So, I ran away with my husband to Tsfat for Shabbat, that city of refuge, where the Arizal, Rav Yosef Caro, Rav Moshe Cordovero, and a few other massive tzaddikim are buried in the ancient graveyard, that dates back to first temple times.
One of my kids wanted the house to herself, to throw an 18th birthday party for her bestie, and the other one had a Shabbat away with her school, so it seemed like the perfect opportunity to ‘get away from it all’, for a weekend, and try to regain some equilibrium.
Just one problem: the hotel couldn’t find our booking.
And we got there 10 scant minutes before Shabbat began.
And the hotel was completely, utterly, totally booked up.
I looked at my husband, he looked at me, and for a minute there, I thought I’d be spending Shabbat in the car, just eating the nosh we’d brought with for the meals.
The nice manager type immediately got on the phone, and called another hotel which had lots of room – of course it did! It was so skanky!
But it was a bed. It had a toilet. So we ignored the pink fixtures dating from the 1970s. We made peace with the fact that the entire bathroom was overlooked by a neighboring building and had no curtains. And we were grateful that God put it into our heads to bring a duvet with, as the one thin blanket on the beds was no match for a cold winter night in Tsfat.
A bed is a bed is a bed.
Even if it’s right next to a wall that’s as cold as a block of ice, and abuts a built in wardrobe so snugly, you can’t really wiggle your toes.
And a toilet is a toilet is a toilet. Even if it’s salmon pink, older than your children and overlooked by neighbors.
And the nice manager type told us we could come back to his hotel for the meals, so we also had food aplenty to eat, Baruch Hashem.
My husband headed off to the Carlebach-style shul in the Old City, while I headed down to the graveyard, to do some tikkun haklalis.
As I looked out over those massive mountains – Meron, Shammai, Hillel, and Nof HaYamim – all I could in the distance was the streaks of red, purple and bluey-grey that announced the sun’s departure. Some of the clouds were piled up in weird shapes that suggested more mountains, and a whole other vista, a whole other world, just there over the hills.
I couldn’t take my eyes off the view. I just stood there for 15 minutes, drinking it all in and somehow feeling as though I’d arrived at the edge of the world, and something much better was just there, over the distant peaks, waiting to unfold.
I cried a bit – I don’t even really know why – and then I started to feel a little better, and a little more hopeful, than I’ve been feeling of late.
I tramped back up the four million stairs leading into the Old City, and went to stand outside the shul my husband was davening in. That shul has a reputation for achdut, or unity. You get just about every type squeezed into its four walls, and they were singing their hearts out when I got there.
The women’s section was full to busting – people were crammed in at the top of the stairs, trying to get a peak at the action – so I decided to wait downstairs on the street, and watch the stars appear over Tsfat.
After 10 minutes or so, an older lady who was also standing outside came over and asked me if I spoke English. I told her I did – and long story short, while my husband was welcoming the Shabbos with 400 Jews and a lot of dvekut with Hashem, I got stuck talking to a staunch Baptist from Oregon, who started telling me about ‘the rapture’ and ‘the tribulation’.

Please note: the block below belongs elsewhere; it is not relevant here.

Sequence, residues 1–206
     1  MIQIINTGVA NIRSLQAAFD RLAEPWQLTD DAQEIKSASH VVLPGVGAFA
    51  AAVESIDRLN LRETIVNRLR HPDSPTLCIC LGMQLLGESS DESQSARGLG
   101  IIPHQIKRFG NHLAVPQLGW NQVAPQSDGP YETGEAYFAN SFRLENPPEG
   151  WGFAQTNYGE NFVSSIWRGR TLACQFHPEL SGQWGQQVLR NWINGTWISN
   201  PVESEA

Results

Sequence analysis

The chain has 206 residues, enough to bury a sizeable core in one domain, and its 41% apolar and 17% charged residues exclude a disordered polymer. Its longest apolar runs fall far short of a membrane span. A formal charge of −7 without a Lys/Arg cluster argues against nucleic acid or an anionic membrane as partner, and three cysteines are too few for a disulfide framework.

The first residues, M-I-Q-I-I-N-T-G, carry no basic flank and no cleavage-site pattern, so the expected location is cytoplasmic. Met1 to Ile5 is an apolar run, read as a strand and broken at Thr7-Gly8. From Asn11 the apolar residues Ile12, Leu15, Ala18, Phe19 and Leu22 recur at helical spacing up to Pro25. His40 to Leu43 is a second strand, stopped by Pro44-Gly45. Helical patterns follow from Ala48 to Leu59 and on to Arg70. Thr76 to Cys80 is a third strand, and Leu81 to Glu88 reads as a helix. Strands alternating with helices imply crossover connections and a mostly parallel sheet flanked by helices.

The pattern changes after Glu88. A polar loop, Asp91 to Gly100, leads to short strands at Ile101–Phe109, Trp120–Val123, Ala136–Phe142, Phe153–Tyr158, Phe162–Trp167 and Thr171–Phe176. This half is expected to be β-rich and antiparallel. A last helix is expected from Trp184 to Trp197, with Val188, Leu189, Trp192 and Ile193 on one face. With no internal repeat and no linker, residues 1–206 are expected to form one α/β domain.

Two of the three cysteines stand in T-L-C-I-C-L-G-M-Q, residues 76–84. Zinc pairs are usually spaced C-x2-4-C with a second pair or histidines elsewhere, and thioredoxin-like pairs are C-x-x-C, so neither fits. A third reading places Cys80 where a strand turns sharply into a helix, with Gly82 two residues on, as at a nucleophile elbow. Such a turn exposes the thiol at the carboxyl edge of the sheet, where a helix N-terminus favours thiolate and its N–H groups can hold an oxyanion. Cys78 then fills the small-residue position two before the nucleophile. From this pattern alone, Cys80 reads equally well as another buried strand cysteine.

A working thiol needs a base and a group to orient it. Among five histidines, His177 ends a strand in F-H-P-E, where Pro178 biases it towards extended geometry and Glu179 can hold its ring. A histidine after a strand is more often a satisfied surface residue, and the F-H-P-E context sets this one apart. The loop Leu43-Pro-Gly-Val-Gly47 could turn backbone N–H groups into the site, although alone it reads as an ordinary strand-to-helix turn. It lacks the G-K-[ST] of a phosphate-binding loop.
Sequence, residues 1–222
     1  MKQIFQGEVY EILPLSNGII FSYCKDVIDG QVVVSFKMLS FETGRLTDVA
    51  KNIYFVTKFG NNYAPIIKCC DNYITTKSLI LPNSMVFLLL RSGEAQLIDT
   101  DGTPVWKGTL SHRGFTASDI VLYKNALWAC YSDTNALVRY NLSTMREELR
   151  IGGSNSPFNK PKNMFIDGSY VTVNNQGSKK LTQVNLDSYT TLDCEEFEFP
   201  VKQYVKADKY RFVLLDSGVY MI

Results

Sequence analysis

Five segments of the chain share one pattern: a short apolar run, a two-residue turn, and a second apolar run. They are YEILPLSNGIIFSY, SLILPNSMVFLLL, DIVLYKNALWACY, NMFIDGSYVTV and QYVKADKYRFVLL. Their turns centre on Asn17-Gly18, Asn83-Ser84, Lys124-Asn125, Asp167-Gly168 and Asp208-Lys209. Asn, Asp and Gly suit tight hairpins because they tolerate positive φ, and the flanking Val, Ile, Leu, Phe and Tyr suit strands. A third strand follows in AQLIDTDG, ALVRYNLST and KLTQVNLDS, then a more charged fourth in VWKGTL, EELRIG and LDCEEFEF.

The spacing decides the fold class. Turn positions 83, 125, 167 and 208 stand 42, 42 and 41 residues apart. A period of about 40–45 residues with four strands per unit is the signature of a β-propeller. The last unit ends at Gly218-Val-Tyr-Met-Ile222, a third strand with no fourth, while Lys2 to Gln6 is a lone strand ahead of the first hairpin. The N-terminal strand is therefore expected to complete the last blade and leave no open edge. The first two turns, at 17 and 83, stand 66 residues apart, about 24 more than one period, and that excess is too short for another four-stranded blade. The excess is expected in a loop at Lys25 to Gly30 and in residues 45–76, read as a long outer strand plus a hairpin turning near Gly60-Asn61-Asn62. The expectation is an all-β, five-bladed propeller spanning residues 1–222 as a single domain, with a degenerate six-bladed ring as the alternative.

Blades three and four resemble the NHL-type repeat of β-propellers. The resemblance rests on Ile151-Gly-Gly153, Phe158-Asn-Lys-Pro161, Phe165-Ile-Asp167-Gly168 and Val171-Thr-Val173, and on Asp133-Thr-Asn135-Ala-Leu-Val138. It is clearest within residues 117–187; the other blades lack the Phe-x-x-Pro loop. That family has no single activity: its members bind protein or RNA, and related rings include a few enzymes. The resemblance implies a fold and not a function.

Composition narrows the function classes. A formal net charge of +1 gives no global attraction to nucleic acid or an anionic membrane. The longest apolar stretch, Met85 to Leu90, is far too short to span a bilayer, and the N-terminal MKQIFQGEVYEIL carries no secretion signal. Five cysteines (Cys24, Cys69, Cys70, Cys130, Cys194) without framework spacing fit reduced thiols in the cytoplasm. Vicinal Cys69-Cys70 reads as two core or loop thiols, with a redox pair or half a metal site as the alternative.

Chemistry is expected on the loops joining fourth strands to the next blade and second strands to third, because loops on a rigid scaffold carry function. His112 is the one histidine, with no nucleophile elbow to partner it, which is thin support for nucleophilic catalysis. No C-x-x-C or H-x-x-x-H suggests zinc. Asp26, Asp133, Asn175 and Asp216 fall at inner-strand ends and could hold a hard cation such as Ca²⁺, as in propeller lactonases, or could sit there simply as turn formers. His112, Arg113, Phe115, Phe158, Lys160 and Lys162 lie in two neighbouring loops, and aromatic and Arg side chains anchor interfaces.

Thankfully, the rest of Shabbat picked up significantly.
The hotel we were eating in had tons of youth groups. The guy who started up Shabbat.com was there, and he was talking about the need for achdut, and Jewish unity. Then there was another group there of English-speaking yeshiva high school boys from Bet Shemesh, and from the way their Rebbes were talking at the meals, I could see that it was a school that was trying very hard to put the ‘inner dimension’ of the student first.
And then, there was the group of black-hatters from America, who also seemed to be on some sort of yeshiva group tour of the holy land.
Long story short, there were a lot of different people together in that hotel – and all speaking English! The only Hebrew I heard spoken was by the Arab waiters.
Livnot basically organizes for volunteers to come and dig, hike and learn in Israel, and has been going for over 40 years. 20 years ago, they wanted to expand their operations and extend the building they bought in the middle of the Old City of Tsfat.
When they started renovating, one of the workers found an underground passage. After 20 years of digging, and 35,000 volunteers, Livnot uncovered a huge, 16 room community centre in their basement, that dates back to the times of the Ari, in the 16th century.
While they still have another 200 metres to uncover, they’ve fixed up around 6 of the rooms and give free tours around it on Shabbat. As well as a bunch of small, underground houses and water cisterns, we also saw the communal mikva, the communal kitchen (which contains a huge stone oven, that Livnot has got working again, and where you can come and bake challot), and a few other rooms besides.
All Shabbat, I was asking God for some direction, some spiritual inspiration.
It seems so hard to keep going at the moment, for a number of reasons.
When I heard the story of how Livnot found the Ari’s community centre – one of only three buildings from that time that remained standing, after the horrendous earthquake that struck Tsfat in 1837 – it gave me a lot of hope.
Sometimes, it can seem that the light is so covered over, so hidden under layers of dirt and decay. But I felt like God was saying all Shabbat: “Keep digging! Keep going! Sooner or later, you will hit the paydirt!”
It may take 20 years of hard work, but eventually it will pay off.